The task guides can be used to support social exchanges in specific contexts (e.g., classroom participation or one-on-one exchanges), to support meeting personal responsibilities (e.g., morning routine, daily schedule), and to support independent technical job task functioning (e.g., desktop publishing).

Use of task guides can be initiated by the user or through scheduled signaling (beeping or vibrating).

Task guides can be used for data collection as well as task guidance. The data collected can be sent to a website where it is automatically charted. This charting can be used to check individual progress, in counseling, to offer feedback and to make changes in the task guides. These data can also be used as progress material to be inserted in periodic IEP reports.

Task guide contents can be authored to suit educational goals and to coordinate specific academic contents.

At this point of the study completion, we can report that students can use a PVGS to monitor their feelings and behavior in a classroom setting. A large majority of students like using the PVGS. Students actively used the computers to attempt to improve functioning, and have been successful in doing so. Improvements occurred in the management of personal executive activity and social pragmatics in a classroom setting and in one-to-one dynamics. At this time, the study is still in progress and additional findings will be reported at presentation.

Advances to the Field of Autism The research to be reported: 1) Addresses the important challenge to advance Asperger education made by clinical and scientific leaders Klim and Volkmer: “There is a need to teach social and communication skills, explicitly, at all times, as an integral part of the [Asperger] program and as its major priority”.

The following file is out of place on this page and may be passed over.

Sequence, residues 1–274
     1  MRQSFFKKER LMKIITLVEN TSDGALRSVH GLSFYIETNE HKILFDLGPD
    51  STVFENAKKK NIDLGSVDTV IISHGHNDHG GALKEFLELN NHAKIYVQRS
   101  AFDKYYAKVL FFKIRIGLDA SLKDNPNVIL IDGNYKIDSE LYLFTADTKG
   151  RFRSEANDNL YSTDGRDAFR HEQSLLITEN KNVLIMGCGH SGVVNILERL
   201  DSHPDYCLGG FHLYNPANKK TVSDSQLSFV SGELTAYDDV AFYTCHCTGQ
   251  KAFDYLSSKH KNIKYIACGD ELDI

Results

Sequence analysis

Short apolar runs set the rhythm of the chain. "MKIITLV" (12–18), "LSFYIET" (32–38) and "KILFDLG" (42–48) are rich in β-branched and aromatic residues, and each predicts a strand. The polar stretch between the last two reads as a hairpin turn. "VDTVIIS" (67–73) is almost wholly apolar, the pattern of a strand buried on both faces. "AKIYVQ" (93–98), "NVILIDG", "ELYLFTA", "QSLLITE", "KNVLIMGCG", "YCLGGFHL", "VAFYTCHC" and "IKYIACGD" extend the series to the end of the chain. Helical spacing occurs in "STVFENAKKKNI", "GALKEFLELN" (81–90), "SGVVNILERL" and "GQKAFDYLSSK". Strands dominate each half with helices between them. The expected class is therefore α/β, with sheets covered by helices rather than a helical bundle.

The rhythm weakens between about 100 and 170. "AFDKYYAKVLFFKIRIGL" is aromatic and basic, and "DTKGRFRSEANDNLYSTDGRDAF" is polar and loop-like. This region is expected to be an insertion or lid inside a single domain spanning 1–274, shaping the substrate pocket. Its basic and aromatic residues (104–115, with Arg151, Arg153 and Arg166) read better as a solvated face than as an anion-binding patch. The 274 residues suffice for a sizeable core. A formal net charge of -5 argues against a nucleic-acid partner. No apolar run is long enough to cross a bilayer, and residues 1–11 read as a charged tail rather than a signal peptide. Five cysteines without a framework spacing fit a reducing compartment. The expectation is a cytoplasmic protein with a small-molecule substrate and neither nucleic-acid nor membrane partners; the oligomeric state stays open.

2) Extends TEACCH educational principles for HFA/AS students, for social skills training, for teens and young adults, and for handheld computer assisted functioning.

3) Introduces the use of computer and web technology into Asperger education with the centrality that Klim and Volkmer's challenge requires.

This research introduces a new approach to teaching HFA/AS individuals that incorporates three features epitomizing best practices:

1) Customization: A PVGS allows for more personalized support when teachers and parents are not available.

2) Generalization: A PVGS reduces the problem of generalization from the teaching setting to the applied setting by supporting learning at a distance in an applied setting.

3) Data Collection: PVGS can be used for data collection, for feedback, IEP reporting and research purposes.